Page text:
Four surviving adults “are in varying stages of health,” wrote Else. “All were badly injured in the attack and have neurological problems. One had to be euthanized because her fractures were so severe.”
“A very dangerous thing”
“They’re not going to go out tomorrow and start shooting cats, but they haven’t come up with a solution yet. Hopefully now they’ll talk to us a bit and we’ll try to find something that will work,” Humane Society of the U.S. feral cat expert Bryan Kortis told Namata. “I don’t know if [shooting cats] is their plan, but these rules give them that authority, and that’s a very dangerous thing,” Kortis added.
Agreed Alley Cat Allies representative John White, “We’re deeply concerned that they are using the most dramatic approach, that won’t be effective, and that the majority of the people in Hawaii oppose.”
The case against cats as an alleged threat to native wildlife in Hawaii, as in Australia, New Zealand, and other island habitats, originated more than a century ago with the simple observation by birders that cats kill birds, when they can, devoid of the context that cats are able to kill birds mostly when the birds are sick or injured, and therefore unable to fly.
Plantations killed the birds
“Since the arrival of Europeans to the Hawaiian Islands,” according to the American Bird Conservancy, “71 out of a total of 113 endemic bird species have gone extinct. Of the remaining 42, 32 are federally listed under the U.S. Endangered Species Act, and ten of those have not been seen for up to 40 years.”
But the arrival of cats in Hawaii circa 1800 had little to do with the loss of birds, while the introduction of sugar cane plantations in 1802, coffee plantations in 1842, and pineapple plantations in 1898 had a great deal to do with it.
First, plantation agriculture devoured much bird habitat. Then, as crop monocultures became vulnerable to insects and diseases, agricultural spraying wrought further havoc on birds. Pesticides intoxicate birds so that more became vulnerable to cats and other predators, including––historically in Hawaii––humans who collected weakened birds to kill and eat. Pesticides also accumulate through birds’ food chain. DDT build-ups in particular caused birds to lay eggs with weakened shells and consequently a much lower rate of successful hatching.
Even after use of DDT and heptachlor, another pesticide harmful to birds, came to be tightly restricted on the U.S. mainland in the early 1970s, both remained in use on Hawaiian pineapple plantations for many more years.
Avian diseases accidentally imported in connection with cockfighting also had a part in the loss of native Hawaiian birds, but blaming cats and feral mongooses, introduced to Hawaii in 1883 to hunt rats on sugar cane plantations, has long been more politically convenient than challenging the practices of Hawaii’s biggest export industries.
As increased awareness of the effects of habitat loss, pesticide use, and disease on the Hawaiian bird population came to erode the arguments for cats and mongooses as the culprits, the now institutionally entrenched preoccupation with cats changed direction. In recent years cats have been blamed for toxoplasmosis infections found among Hawaiian monk seals and nene, a native Hawaiian goose.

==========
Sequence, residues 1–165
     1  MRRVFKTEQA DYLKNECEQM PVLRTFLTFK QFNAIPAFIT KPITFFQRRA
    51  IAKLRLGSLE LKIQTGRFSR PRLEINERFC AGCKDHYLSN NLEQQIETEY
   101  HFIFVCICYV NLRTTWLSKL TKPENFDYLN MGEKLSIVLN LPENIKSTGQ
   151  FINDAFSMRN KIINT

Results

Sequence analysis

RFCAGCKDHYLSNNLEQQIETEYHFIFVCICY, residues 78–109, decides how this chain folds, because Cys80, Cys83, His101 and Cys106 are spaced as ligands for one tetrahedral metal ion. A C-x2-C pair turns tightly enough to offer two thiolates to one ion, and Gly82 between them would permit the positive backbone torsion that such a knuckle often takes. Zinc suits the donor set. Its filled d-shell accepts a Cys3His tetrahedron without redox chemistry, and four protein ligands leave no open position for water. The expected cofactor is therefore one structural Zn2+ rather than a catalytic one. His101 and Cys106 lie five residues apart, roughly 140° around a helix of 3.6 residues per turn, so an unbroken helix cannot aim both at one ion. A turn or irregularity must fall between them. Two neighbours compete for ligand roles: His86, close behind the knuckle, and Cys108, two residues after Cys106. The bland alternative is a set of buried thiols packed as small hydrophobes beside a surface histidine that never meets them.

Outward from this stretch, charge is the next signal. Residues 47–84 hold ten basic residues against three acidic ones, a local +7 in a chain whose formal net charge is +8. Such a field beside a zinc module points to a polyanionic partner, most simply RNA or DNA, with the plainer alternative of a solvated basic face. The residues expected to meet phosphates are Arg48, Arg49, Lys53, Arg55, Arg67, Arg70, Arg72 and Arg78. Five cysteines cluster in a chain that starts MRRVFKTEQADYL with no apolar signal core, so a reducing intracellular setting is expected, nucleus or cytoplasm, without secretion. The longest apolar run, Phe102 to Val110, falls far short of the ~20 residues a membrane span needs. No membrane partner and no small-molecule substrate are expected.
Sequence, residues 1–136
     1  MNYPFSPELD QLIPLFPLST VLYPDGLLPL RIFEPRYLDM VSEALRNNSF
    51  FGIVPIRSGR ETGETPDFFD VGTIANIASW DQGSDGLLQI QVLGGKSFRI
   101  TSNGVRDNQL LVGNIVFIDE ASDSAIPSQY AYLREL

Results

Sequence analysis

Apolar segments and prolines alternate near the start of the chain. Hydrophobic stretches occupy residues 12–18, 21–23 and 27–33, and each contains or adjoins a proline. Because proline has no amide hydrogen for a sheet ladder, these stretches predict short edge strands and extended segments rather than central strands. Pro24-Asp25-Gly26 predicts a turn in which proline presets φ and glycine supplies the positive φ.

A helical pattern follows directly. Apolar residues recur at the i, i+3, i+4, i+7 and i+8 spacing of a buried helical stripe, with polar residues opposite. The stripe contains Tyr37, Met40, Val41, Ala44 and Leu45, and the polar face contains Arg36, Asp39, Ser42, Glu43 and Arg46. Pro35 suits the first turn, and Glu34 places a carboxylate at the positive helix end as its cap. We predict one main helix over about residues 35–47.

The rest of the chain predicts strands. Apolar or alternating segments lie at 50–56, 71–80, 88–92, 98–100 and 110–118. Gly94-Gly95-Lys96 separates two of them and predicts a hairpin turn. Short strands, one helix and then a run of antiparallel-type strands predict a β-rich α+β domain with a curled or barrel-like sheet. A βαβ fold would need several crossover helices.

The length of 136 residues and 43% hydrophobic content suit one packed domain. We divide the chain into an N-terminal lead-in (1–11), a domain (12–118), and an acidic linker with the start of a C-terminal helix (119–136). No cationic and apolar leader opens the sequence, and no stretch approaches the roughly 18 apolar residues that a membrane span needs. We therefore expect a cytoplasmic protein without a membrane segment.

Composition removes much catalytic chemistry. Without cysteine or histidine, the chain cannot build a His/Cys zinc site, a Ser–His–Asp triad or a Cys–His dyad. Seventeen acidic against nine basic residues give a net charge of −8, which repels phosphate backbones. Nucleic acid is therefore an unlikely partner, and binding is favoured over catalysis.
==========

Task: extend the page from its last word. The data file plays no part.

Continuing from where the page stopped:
Both Hawaiian monk seals and nene are endangered species, but the argument that either toxoplasmosis or cats has anything to do with their scarcity is fragile.
Infected nene recover
For example, a study published in 2016 by the Journal of Wildlife Diseases found that 21% of the nene tested on the island of Kauai had been exposed to toxoplasmosis. But the findings suggested not that toxoplasmosis killed nene, but rather that infected nene tend to recover.
Hawaiian monk seals, meanwhile, occur mostly around the most remote of the Hawaiian islands, far from any cats.
Cats were the first species in which Toxoplasma gondii was found to complete its entire life cycle, albeit that Toxoplasma gondii––like many other parasites––can spread from host to host and persist for years without completing a full life cycle. Toxoplasma gondii in humans spreads mainly through consumption of undercooked tainted meat.
Cats often acquire Toxoplasma gondii from each other, but may also be infected by eating rodents and birds, such as gulls or perhaps nene, who have themselves become infected.
Are anchovies the original hosts?
California Polytechnic State University at San Luis Obispo researcher Gloeta Massie in 2008 reported having found through laboratory experimentation that about two-thirds of northern anchovies who were exposed to Toxoplasma gondii oocysts became infected.
As anchovies are among the most abundant and widely distributed prey of marine mammals, this suggested a far different avenue for Hawaiian monk seal infection––and suggested that even if cats are involved, cats themselves may have been infected by anchovies, first canned and marketed as cat food circa 1930.
The use of anchovies for cat food grew explosively with the rise of keeping pet cats from the mid-1950s on. The association of toxoplasmosis gondii with cats was identified in the early 1960s.
Monk seal population highest in 30 years
Observed Vox Felina blogger Peter Wolf of the alleged cat connection to monk seal endangerment, in 2016, “The Toxoplasma gondii parasite, sometimes spread via cat feces, has claimed eight monk seals over the past 15 years. Those eight deaths represent just 4.4 percent of the 183 seals necropsied by researchers over that period. (The parasite was suspected in another two deaths.)”